Beautiful Bath, England

Oh, Bath. *sigh* Where do we even begin? It's not an exaggeration to say that this is one of our favorite cities we've ever visited. We already wrote up our stay at Jane Austen's Apartments, and you can read about that here. I think the first thing that captured our hearts is the charm of the city. It's cute, y'all. The buildings are as beautiful as they are historic. The city center was easy for us to navigate and small enough to give it a great walkability rating in our book. Here's our Bath breakdown:

1. Travel - We came from London and decided to try out the train system, and we're so glad that we did. The trains took us a minute to sort out, but once you understand the system, it's pretty easy to navigate. We bought first class tickets, which were reasonable enough, and this was really helpful as we had bulky luggage with us. Coach has areas to throw your luggage, but when we took coach on another leg of the trip (which we regretted), there was no more room for our luggage... and we had to sit on some of it. The luggage fit easily behind our seats in first class. Something to consider if it'll fit in the budget.

2. Bath Abbey - The Abbey is absolutely beautiful. We didn't have much time before they closed, but we were able to take a few turns through the aisles and sit for a moment in the silent, peaceful environment. According to the Abbey's website, "Three different churches have occupied the site of today’s Abbey since 757 AD. First, an Anglo-Saxon monastery which was pulled down by the Norman conquerors of England; then a massive Norman cathedral which was begun about 1090 but lay in ruins by late 15th century; and finally, the present Abbey Church as we now know it." A major restoration project also took place between 1864 to 1874. For about a thousand years, this abbey has stood strong, and it's worth your visit.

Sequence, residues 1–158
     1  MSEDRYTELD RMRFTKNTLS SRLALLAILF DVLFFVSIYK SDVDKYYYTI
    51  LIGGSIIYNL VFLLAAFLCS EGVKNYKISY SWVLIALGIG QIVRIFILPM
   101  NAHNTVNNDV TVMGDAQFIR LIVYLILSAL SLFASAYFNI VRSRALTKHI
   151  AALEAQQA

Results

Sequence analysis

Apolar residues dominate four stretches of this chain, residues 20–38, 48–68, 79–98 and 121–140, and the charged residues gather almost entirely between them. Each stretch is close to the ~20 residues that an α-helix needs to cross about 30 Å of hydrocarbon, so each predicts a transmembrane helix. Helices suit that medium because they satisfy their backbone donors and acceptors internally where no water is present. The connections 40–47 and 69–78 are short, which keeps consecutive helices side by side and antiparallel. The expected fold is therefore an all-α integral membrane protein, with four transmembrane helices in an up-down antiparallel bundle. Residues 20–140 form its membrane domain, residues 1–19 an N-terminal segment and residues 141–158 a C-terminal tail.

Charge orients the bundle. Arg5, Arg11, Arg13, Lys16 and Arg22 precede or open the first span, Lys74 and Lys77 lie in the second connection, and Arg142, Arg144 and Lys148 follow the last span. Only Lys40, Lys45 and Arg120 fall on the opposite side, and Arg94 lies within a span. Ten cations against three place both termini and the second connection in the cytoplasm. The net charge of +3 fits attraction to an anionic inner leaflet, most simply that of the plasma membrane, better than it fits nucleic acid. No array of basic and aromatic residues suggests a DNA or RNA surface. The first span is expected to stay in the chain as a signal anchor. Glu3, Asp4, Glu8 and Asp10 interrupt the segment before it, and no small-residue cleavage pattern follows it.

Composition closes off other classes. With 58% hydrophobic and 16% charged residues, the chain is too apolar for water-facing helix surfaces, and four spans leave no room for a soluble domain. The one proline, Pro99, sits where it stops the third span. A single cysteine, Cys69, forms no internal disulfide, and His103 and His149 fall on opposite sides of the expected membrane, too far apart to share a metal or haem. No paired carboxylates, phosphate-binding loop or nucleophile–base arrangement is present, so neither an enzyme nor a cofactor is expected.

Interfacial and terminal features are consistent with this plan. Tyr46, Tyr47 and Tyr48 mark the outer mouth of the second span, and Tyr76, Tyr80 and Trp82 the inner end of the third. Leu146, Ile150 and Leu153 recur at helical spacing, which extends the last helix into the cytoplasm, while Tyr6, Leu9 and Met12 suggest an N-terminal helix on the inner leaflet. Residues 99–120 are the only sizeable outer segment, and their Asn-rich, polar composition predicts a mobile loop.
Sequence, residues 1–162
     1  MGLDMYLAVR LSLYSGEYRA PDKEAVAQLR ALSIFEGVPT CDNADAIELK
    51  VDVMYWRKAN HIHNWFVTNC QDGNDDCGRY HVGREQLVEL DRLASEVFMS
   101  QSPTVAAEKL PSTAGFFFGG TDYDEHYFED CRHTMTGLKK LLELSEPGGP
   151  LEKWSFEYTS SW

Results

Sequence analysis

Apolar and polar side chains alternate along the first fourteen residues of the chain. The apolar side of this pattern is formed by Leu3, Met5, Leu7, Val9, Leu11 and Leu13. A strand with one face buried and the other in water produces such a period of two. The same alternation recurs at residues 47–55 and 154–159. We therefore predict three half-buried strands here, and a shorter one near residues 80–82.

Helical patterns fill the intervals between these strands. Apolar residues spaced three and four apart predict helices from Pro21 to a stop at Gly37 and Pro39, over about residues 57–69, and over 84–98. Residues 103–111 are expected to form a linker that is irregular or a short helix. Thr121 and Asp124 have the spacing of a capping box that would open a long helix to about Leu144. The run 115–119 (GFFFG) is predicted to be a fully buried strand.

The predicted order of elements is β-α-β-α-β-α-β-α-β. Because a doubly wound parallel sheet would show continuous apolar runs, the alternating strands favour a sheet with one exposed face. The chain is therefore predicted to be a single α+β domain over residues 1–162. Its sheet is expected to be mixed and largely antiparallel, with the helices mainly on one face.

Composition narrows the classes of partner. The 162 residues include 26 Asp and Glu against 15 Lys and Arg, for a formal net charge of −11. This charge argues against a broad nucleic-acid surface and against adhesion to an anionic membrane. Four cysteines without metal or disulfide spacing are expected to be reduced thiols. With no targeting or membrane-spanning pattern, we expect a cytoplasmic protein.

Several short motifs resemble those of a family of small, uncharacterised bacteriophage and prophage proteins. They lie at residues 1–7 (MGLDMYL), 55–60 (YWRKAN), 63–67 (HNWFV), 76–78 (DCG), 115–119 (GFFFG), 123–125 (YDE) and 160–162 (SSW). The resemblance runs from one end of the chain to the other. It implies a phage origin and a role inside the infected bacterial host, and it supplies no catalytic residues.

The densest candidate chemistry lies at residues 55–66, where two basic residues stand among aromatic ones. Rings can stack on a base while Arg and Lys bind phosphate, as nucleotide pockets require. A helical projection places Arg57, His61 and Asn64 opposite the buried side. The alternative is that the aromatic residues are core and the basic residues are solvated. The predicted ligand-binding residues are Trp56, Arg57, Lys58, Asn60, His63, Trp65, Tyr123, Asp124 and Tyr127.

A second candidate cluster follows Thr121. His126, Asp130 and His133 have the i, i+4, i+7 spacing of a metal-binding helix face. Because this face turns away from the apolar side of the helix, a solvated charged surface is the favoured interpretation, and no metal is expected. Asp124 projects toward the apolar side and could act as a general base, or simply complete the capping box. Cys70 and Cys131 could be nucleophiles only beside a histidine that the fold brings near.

3. Roman Baths - The Roman Baths are a must for any trip to Bath. The first baths were constructed in 70 AD. That's a LONG time ago. It was fascinating to learn about the social purpose it's served since that time and to see such a well preserved piece of history. After making our way below street level, there were many different rooms and areas to explore, and there lay our chance to taste the believed healing waters of the natural hot springs. *spoiler alert* It's not very tasty.

4. Jane Austen Centre - This was a particularly fascinating look at Bath during the era of it's most famous resident and the impact the city had on Jane and her writing. This guided tour takes you on the journey of learning more about Jane and her life, her writing, and her experiences in Bath. If you're a fan, you really should give this a look. There's a nice little gift shop on the street level, and the Regency Tea Rooms upstairs. The tea room had really fantastic tea, and they went out of their way to accommodate Mary Beth's dairy allergy :)

5. Stonehenge - That might be an unexpected activity in Bath, but Stonehenge is only an hour drive away, and we used an excellent tour company while there. You can read more about our experience here.

6. Walk around! Bath is an architectural treasure, and as you walk around the city in search of lunch or one of the other attractions, you'll discover more to love about it. Whether it's window shopping, traipsing past the Royal Crescent, or meandering down Bath Street, there's plenty to see!

#England #Bath #UnitedKingdom

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